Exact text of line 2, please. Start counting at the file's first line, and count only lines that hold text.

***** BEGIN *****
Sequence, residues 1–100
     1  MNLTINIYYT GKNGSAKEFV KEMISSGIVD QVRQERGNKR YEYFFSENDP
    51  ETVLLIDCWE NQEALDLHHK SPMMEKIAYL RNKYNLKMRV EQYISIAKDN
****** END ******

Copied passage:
     1  MNLTINIYYT GKNGSAKEFV KEMISSGIVD QVRQERGNKR YEYFFSENDP